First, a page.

“Do you think he can hear us, Grandma?”
“Only God knows child. Sometimes I wonder if he even knows we’re here.”
Two masks leer down at me with muffled noise squeezing its way between painted lips. Pressing in on me. One old … one young. Both heaping their question marks on me. I pray they will leave me soon so I can return to my safe place. At last; the masks are gone and all is quiet again.
“Such a shame.”
“Do you think he remembers what happened?”
“The doctors say he doesn’t. Sometimes I wonder if that isn’t all he remembers.”
The masks are gone again, leaving their question marks behind. I pick them up and store them in my box. My box of question marks.
“When do you want to come back?”
“I don’t know. Sometimes, it’s more than I can stand. He doesn’t even know we were there.”
“I guess. Still, I feel guilty not coming more than we do. It wasn’t his fault your mom died.”
“I know that but does he?”
My world has turned to stone. Unmoved by the void in my soul that spirals ever deeper with each coming and going of the masks. What can save me from this darkness? Perhaps my box of question marks. Perhaps.
“Well, another year another visit.”
“I started to come a couple of times by myself but couldn’t bring myself to.”
“You want to go first?”
“Sure … Dad … It’s Angie. Grandma and I are here for your birthday. Aren’t the flowers and balloons pretty everyone sent? Dad?”
“Son … It’s your mother. Please come back to us son. I love you son.”
The two masks have changed. One older .. one not young anymore. Go away. You remind me of the unthinkable thing I keep hidden at the bottom of my box, buried beneath my precious question marks. Please leave me. Perhaps one day, I will find a way to answer you. Perhaps … but certainly not today.
“Time to go Angie.”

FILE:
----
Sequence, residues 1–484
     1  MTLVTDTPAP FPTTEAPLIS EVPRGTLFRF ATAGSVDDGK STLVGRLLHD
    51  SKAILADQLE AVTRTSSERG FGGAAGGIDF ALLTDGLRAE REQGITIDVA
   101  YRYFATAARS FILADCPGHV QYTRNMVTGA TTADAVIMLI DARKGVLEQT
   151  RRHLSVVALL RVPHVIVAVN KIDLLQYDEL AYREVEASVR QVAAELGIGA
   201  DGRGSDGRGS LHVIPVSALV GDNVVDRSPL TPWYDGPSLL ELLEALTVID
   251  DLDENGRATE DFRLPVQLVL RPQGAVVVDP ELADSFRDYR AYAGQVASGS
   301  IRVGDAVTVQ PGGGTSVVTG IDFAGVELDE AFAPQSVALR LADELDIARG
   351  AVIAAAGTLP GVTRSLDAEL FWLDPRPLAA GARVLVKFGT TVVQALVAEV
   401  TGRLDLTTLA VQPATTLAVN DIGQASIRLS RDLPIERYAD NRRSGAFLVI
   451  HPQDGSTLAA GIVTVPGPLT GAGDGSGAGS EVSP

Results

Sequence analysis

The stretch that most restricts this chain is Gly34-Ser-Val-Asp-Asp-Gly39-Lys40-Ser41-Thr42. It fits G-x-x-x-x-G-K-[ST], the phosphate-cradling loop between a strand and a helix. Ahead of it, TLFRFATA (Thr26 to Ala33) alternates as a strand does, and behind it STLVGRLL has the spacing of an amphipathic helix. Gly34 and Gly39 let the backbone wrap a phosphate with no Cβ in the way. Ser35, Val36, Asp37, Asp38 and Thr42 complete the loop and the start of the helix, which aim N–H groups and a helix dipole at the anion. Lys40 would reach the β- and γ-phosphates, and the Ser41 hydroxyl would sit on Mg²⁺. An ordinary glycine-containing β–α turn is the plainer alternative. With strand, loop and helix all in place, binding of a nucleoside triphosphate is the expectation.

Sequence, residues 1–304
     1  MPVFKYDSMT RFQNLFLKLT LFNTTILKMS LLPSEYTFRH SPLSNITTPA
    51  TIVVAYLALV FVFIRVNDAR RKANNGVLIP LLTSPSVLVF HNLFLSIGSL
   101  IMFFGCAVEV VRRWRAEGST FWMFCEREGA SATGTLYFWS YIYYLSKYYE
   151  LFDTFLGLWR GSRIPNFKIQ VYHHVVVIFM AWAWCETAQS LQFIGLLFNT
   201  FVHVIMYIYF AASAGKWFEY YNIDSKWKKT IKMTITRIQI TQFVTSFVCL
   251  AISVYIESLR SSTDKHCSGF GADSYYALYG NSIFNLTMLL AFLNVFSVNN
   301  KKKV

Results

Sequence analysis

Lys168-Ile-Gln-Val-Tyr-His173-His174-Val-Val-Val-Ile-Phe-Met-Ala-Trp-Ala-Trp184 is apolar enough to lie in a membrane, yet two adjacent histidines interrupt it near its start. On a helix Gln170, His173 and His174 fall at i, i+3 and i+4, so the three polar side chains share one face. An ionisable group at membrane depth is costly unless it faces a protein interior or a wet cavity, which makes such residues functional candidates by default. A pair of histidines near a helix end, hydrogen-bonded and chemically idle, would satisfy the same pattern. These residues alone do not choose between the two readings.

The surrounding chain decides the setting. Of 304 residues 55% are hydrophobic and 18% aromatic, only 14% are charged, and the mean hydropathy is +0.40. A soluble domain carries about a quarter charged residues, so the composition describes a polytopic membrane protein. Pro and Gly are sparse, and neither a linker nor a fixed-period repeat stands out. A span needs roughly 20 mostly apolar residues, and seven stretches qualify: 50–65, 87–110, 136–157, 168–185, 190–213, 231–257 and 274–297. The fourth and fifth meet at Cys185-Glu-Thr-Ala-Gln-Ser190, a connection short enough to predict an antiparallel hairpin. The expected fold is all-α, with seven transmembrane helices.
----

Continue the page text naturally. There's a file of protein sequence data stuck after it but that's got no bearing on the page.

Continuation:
Finally they are gone. No one to try and steal my beloved question marks. No more buzzing in my ears with nonsense about letting go and moving on. No one to interfere with what must be. Trying to make me feel again. As though anything has mattered since that day. As though I can feel. As though I care to.
“I can’t come back.”
“I understand child.”
“It would be different if he understood anything, if he could feel anything.”
“The doctors say he passed that point a long time ago. Catatonic they called it. When your mother died something broke inside your father. I don’t even know if he realizes she’s gone. Maybe the doctor’s are right. Perhaps he doesn’t feel anything at all.”
The masks are gone. Come back; I was wrong. Too late! So I sit with my granite face: hard, cool, impenetrable. Alone with my box, my question marks, and what lies beneath them. They didn’t get my precious box. At least I have my …
Rose Mary, the nurse’s aide, found Mr. Williams where she always did. He sat in a metal chair facing the wall. In his lap was his ever present cigar box. His eyes stared straight ahead. Unmoving. She wondered what he kept in that box. A doctor had tried once to open it and nearly lost his head for the trouble.
She patted the hunched-backed man on the shoulder and started to walk away. Something caught her attention so she leaned over him. A single tear trailed down the man’s face. She leaned closer and placed two fingers on the side of his neck. Only then did Rose Mary realize the box was open. All that lay inside was a small photograph of a beautiful young woman.
Rose Mary took the picture from the box and turned it over. A simple note written in a fine feminine hand read; I forgive you, now please forgive me. Shed what tears you must and move one.
The aide laid the photo back in the box, closed the lid, and then Mr. William’s eyes. Eyes that reflected a heart that had died long ago. Perhaps now he could finally move on. Perhaps.
For the sorrow that is according to the will of God produces a repentance without regret, leading to salvation, but the sorrow of the world produces death.
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